Money, Prestige and Sex, Part I: How To Sleep With 1,000 Men?

During the Labor Day weekend of 2011, I paid a visit to a family relative who happened to reside just 6 blocks from where Mr. Steve Jobs lived.  Mr. Jobs was still alive then and had just announced his stepping down from Apple a few weeks prior.  Getting closer to his place, I noticed a brand new Mercedes without a license plate parked around the corner, and his backyard was planted with green and red apple trees.  As we continued to walk past his driveway, two boys – one about 13 or 14 of age with sandy brown hair, light complexion with freckles and full lips, and the other a few years younger – strolled towards a girl about 8 or 9 years old in a bright red and yellow jacket and pink skinny jeans standing in front of Mr. Jobs’ house.  The older boy called out “Grace” and the girl with her face lit leaped into his embrace.  It was a heart-warming moment that would put a smile on even the most jaded person’s face.

More than four years passed and that image was as vivid as it ever was.  The most arresting thing was how the boy exuded warmth, content, and grace, and the fact they walked to, instead of being dropped off at, Mr. Job’s house, indicated he was very likely a neighborhood kid living in this affluent community.  His pace was assured, and his gaze focused.  There was no trace of any hardship or suffering.

Shu Yi, a prominent writer based in Hong Kong, once notes in one of her novels that “the look of poor children’s eyes is always that of discontent.”  I did not fully comprehend it until a co-worker brought her son to work one day.  She was a single mother who according to her own account, had literally walked away from her marriage with only clothes on her back, and was at the time embroiled in a bitter custody battle with her ex-husband.  Her son was a lanky lad with blonde hair swept across his right forehead.  I caught a glimpse of his eyes – eyes seemed to protest the whole world had turned its back on him, and had to quickly look away.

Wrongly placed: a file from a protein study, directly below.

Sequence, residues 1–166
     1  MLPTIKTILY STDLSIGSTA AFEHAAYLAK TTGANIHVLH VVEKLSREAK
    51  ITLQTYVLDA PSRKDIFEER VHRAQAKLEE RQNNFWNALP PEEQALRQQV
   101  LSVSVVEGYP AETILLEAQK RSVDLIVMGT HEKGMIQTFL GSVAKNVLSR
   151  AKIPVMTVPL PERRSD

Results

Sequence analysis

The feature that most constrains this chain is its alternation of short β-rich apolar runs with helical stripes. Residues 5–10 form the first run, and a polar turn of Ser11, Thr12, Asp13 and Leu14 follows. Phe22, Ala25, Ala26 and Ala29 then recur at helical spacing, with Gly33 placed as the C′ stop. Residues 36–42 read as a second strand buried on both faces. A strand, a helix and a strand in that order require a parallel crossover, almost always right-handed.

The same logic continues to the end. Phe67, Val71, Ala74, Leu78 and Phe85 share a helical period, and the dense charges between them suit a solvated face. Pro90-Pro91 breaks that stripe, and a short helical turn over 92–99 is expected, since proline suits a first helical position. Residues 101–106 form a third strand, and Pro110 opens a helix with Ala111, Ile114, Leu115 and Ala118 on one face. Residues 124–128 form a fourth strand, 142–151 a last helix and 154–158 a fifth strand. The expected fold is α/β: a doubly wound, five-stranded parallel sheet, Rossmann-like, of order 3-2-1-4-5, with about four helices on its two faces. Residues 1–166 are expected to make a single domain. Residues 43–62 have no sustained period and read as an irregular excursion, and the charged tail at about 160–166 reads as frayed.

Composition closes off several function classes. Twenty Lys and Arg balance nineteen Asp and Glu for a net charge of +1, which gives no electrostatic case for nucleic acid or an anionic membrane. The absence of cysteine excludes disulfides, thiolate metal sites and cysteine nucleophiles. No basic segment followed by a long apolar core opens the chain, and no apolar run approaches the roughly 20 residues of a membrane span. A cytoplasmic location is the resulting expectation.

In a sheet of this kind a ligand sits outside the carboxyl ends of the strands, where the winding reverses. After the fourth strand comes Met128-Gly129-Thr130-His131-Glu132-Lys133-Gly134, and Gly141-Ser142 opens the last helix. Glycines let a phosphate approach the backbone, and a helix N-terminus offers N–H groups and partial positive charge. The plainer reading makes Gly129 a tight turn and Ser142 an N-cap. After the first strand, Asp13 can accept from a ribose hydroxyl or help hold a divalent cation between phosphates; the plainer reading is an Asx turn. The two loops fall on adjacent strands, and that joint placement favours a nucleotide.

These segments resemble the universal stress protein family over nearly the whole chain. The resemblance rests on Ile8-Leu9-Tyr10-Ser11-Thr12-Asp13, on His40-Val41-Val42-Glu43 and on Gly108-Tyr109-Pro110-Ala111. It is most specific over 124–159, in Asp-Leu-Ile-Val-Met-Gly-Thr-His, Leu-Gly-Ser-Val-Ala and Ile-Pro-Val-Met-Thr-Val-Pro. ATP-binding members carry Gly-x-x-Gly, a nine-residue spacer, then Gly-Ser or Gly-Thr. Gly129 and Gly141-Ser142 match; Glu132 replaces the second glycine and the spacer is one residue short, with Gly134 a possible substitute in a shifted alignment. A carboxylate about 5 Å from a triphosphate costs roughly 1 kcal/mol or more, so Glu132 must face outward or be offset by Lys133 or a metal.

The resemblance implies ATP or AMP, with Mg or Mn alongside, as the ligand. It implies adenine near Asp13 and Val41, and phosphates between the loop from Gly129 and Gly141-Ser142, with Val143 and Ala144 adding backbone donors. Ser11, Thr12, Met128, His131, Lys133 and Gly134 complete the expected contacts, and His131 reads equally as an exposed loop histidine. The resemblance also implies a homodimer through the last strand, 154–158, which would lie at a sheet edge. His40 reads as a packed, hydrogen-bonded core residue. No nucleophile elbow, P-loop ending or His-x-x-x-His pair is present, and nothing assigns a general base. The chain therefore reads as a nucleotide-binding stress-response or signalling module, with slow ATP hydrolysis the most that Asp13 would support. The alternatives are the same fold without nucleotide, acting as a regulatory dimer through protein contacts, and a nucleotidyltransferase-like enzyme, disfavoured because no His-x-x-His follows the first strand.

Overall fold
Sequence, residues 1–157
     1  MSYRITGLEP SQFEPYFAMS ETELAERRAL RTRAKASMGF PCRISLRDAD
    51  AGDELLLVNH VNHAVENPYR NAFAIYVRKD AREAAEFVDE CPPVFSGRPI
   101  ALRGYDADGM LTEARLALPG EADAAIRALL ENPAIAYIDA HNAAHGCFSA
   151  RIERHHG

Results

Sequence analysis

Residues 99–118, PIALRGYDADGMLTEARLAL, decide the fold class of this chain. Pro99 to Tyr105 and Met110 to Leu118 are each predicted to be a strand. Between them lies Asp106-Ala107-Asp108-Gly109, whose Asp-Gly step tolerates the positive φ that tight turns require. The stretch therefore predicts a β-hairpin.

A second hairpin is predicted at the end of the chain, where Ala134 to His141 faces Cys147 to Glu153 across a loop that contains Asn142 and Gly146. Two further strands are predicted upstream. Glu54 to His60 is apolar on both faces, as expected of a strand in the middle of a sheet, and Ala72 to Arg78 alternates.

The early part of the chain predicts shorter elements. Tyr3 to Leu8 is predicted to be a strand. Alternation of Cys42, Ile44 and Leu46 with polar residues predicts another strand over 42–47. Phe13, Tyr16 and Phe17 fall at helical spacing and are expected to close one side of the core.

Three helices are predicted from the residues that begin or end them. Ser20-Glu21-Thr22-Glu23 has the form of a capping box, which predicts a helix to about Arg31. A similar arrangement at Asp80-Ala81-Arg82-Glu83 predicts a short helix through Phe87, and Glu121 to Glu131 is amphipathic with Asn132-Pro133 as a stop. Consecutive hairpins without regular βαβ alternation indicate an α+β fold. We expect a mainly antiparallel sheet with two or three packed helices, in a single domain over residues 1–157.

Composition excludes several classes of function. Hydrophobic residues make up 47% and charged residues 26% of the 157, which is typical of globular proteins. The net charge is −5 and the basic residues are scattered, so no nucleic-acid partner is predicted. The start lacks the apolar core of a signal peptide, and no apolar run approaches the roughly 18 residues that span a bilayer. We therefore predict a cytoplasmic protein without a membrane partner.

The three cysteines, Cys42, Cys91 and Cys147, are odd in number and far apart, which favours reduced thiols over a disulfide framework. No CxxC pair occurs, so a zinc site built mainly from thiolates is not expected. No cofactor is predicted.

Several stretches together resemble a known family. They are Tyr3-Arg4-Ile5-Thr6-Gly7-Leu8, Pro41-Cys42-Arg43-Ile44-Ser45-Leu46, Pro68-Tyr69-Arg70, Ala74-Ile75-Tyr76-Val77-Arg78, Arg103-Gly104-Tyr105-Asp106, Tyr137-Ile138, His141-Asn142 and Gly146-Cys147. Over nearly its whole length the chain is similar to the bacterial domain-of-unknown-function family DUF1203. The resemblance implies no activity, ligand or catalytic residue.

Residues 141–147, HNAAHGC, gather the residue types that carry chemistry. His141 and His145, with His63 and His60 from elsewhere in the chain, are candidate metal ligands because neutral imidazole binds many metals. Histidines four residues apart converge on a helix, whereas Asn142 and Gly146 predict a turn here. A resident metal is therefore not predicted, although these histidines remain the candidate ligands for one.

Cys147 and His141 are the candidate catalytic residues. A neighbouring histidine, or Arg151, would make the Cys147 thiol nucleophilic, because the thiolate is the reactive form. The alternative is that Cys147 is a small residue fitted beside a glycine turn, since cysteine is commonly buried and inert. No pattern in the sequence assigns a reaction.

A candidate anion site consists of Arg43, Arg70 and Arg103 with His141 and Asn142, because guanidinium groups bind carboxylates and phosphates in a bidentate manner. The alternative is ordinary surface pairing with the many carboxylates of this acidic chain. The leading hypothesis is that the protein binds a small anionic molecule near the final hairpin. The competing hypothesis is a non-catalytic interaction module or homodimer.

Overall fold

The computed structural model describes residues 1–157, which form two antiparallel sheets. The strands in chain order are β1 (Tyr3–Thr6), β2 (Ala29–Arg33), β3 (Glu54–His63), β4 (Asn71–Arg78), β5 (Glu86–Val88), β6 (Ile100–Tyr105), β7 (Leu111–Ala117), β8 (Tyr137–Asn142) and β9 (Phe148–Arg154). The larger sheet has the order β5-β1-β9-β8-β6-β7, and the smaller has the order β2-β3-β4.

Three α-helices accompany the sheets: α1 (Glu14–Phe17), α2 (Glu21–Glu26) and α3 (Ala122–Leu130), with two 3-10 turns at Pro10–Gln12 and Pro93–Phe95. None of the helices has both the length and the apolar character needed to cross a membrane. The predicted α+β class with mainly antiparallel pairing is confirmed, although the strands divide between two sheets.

This coworker was an intense woman who would occasionally share her dating episodes with us.  One day she wanted to show me something and handed me her smart phone.  A picture of a naked woman on all fours – presumably her – was on the screen.  I kept my silence and composure as she quickly swiped it through.  One Friday she excitedly told us about her upcoming date with a guy living in her apartment complex.  The next Monday morning, she showed up looking deflated.  It turned out the date ended on a sour note when she refused to sleep with him after dinner.

Carrie Bradshaw, the fictional sex columnist in “Sex and the City,” once observes: “New York City is all about sex. People getting it, people trying to get it, people who can’t get it. No wonder the city never sleeps. It’s too busy trying to get laid.” I am almost certain all the single women in the world echo this sentiment: “They say the average 33-year-old woman has sex 3.5 times a week. I’d like to know who that woman is.” One woman who certainly had a more fabulous sex life than the average 33-year-old woman was Peggy Guggenheim.  She once famously claimed she had slept with 1,000 men, which was a staggering number for a woman even by today’s standard, though certain male movie stars, rockers and professional athletes have reportedly bedded much, much more.  I, for one, want to know who these men were and how she found them.